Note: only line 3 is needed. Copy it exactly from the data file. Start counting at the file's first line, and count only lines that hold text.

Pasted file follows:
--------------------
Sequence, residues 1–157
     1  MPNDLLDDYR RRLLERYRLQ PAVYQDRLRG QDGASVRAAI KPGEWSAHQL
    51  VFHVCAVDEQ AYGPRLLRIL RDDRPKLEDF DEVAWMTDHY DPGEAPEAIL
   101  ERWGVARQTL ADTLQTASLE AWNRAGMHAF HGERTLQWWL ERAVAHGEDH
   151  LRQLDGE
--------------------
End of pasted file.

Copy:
    51  VFHVCAVDEQ AYGPRLLRIL RDDRPKLEDF DEVAWMTDHY DPGEAPEAIL